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‘Your Place or Mine’ brings back rom-com golden age

Predictable film starring Reese Witherspoon, Ashton Kutcher still enthralls viewers

<p>Debbie and Peter, separated by geography and in different phases of life, still seem destined to end up together — and the characters&#x27; relatability means that viewers enjoy the inevitable journey to that point.</p><p>Courtesy of Netflix TUDUM</p>

Debbie and Peter, separated by geography and in different phases of life, still seem destined to end up together — and the characters' relatability means that viewers enjoy the inevitable journey to that point.

Courtesy of Netflix TUDUM

The golden age of romantic comedies is back.

In Reese Witherspoon and Ashton Kutcher’s new rom-com “Your Place or Mine,” “The Holiday” meets “When Harry Met Sally.” Written and directed by Aline Brosh McKenna, who also wrote “27 Dresses” and “The Devil Wears Prada,” the film delivers all the magic of rom-coms past.

Far from the often cringeworthy nature of its contemporaries such as “The Kissing Booth” and “To All the Boys I’ve Loved Before,” “Your Place or Mine” uses cliches in the best way possible. The viewer knows that the protagonists will inevitably get together, but their characters are so genuine and relatable that they cannot wait to accompany them on the journey.

The film begins with a one-night stand between Peter (Kutcher) and Debbie (Witherspoon) in their early 20s. The film then fast-forwards 20 years: The two appear to be talking in bed together, but the camera zooms out to reveal that the screen is split. Debbie and Peter are each in their respective beds. Debbie is in Los Angeles, and Peter is in Brooklyn (with another woman). The film reveals that even though nothing else romantic transpired between them in the last decades, the two have been long-distance best friends while leading nearly polar-opposite lives for years.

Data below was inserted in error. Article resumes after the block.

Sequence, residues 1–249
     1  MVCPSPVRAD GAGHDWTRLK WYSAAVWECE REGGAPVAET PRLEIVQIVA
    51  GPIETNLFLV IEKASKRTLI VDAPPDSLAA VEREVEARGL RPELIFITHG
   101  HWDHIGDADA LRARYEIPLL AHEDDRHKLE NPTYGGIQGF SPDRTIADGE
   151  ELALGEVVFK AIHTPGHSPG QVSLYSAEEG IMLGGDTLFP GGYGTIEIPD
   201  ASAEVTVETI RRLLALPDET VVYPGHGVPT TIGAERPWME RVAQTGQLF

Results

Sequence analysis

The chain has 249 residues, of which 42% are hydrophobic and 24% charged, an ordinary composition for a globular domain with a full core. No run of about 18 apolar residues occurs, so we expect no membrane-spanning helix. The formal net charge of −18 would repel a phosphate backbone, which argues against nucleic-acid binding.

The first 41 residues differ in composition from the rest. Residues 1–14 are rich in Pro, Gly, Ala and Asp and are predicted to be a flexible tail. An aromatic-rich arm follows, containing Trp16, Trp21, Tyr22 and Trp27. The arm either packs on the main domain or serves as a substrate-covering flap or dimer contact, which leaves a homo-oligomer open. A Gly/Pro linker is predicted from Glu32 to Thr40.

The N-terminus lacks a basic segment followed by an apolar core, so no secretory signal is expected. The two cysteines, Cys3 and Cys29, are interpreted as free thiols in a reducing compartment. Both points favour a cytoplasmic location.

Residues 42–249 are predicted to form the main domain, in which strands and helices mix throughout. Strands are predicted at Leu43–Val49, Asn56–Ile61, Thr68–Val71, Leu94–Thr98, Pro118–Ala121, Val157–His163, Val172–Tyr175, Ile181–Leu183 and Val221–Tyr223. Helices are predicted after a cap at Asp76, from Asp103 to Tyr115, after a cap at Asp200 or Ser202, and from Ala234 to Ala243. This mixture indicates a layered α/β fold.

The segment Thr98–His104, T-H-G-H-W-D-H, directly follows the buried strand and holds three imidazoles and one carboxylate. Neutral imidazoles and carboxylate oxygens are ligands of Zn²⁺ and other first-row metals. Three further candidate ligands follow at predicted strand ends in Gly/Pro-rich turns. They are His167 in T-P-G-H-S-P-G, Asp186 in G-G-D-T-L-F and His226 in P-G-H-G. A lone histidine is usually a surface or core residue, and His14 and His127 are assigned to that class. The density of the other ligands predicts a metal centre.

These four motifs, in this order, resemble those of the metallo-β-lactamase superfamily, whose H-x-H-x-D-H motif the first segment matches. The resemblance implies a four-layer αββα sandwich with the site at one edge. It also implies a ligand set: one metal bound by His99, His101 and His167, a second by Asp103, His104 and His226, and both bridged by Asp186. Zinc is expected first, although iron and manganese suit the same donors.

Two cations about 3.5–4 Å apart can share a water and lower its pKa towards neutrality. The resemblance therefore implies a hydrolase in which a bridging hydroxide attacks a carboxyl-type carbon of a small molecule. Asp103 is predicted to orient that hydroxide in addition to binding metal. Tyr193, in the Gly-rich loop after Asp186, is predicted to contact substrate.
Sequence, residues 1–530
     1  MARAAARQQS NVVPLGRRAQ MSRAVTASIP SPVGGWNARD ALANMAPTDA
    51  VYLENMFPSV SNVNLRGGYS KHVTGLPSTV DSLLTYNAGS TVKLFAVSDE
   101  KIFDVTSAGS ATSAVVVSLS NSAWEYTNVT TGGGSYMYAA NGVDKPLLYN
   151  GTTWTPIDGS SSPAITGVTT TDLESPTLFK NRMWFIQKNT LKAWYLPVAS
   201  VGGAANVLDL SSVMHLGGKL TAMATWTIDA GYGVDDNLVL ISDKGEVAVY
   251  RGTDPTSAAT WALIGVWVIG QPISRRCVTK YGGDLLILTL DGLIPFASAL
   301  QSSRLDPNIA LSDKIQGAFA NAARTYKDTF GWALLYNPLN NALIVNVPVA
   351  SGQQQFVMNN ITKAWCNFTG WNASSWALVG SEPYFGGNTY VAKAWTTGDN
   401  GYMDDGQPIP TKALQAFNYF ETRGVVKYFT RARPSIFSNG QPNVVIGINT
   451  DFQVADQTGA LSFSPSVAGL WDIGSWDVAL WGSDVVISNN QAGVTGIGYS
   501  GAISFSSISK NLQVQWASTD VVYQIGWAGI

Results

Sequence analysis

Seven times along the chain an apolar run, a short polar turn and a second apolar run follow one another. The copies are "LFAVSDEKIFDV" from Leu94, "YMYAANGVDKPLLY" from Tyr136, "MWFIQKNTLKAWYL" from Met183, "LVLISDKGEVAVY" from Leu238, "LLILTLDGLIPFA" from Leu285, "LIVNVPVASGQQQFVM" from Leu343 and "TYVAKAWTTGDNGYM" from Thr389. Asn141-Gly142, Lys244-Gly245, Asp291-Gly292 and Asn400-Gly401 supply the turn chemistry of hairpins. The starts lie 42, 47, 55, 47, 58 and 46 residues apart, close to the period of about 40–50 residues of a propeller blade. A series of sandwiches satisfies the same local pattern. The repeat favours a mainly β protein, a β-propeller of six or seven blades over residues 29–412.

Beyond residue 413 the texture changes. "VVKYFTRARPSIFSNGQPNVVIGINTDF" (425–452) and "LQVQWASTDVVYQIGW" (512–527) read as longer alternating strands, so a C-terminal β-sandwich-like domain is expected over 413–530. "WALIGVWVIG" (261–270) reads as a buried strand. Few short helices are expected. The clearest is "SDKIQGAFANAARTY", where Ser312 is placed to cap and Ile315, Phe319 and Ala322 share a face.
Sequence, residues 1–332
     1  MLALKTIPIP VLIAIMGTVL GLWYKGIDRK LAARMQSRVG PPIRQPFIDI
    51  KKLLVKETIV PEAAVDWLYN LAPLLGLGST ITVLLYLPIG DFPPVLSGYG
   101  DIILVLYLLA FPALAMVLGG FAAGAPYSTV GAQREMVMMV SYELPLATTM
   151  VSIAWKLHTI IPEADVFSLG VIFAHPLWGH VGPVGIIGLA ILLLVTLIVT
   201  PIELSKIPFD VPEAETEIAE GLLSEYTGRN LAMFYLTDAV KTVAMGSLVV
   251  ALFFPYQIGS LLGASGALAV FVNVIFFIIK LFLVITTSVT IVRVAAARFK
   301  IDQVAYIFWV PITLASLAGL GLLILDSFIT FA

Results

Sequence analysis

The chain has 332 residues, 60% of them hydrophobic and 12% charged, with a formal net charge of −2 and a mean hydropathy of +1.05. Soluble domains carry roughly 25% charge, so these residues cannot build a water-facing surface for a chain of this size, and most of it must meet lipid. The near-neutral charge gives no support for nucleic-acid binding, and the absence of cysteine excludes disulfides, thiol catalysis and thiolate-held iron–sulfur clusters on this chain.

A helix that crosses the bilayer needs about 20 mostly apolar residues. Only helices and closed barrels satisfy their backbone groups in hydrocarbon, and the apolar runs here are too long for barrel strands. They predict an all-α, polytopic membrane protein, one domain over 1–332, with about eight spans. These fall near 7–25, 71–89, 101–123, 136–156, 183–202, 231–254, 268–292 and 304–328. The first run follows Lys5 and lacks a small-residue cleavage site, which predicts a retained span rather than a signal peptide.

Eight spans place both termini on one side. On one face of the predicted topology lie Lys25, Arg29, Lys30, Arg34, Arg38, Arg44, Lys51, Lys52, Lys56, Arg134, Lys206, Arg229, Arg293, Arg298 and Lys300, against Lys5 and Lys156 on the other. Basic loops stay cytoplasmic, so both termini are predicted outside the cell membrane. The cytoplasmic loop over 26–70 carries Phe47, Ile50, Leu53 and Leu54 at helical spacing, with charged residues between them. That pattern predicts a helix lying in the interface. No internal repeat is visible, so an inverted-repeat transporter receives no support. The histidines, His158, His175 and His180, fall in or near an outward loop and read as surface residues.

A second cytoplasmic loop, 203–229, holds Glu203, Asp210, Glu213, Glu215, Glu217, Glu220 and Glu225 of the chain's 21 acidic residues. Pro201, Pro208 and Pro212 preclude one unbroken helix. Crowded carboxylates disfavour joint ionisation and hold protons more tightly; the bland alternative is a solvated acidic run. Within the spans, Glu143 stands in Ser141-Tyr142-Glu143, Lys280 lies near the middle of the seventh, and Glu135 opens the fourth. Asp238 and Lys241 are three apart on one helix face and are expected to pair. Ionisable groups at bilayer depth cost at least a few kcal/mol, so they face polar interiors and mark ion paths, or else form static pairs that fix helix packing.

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Debbie is a stay-at-home single mom with a passion for her son Jack’s (Wesley Kimmel) safety and a disciplined daily routine. Meanwhile, Peter is a struggling writer-turned-marketing-mogul who cannot maintain a relationship for more than six months. 

Despite their differences, the two share a close bond and tell each other everything — much to the chagrin of Peter's partners. In the movie’s first scenes, Peter’s current girlfriend pours herself a cup of coffee and gets ready for work, all while Peter and Debbie are on the phone planning Debbie’s visit to New York. He has offered her a place to stay while she completes an accounting program to get a better-paying job.

When his girlfriend breaks off their relationship, Peter does not seem particularly bothered. But he is upset when he learns Debbie is thinking about canceling the trip after her babysitter bails. Immediately, Peter offers to look after Jack in L.A. while Debbie stays at his place to take her classes. 

Trading homes allows the characters to get to know not only themselves better, but one another as well. In New York, Debbie explores romantic pursuits she would never have dared to in L.A. and lets herself lean into her lifelong dream of working in publishing. Meanwhile, Peter stops trying to apply the marketing strategies of his job to real life.  He realizes that he can’t buy friends and instead embraces his position as a role model for Jack. He admits to himself that he has always had feelings for Debbie but has been too afraid to tell her.

“Your Place or Mine” felt all the more personal for viewers who have followed Witherspoon and Kutcher’s respective careers. These rom-com veterans brought with them all of the experience and maturity they gained from previous projects. Their characters felt like authentic people and not merely a performance.

Like the rom-coms of decades past, “Your Place or Mine” ends with a public declaration of love in the middle of an airport and the couple living happily ever after. Although it is predictable, this movie portrays a genuine, mature kind of love, teaching the viewer that it’s never too late to pursue a dream or confess what they really feel.

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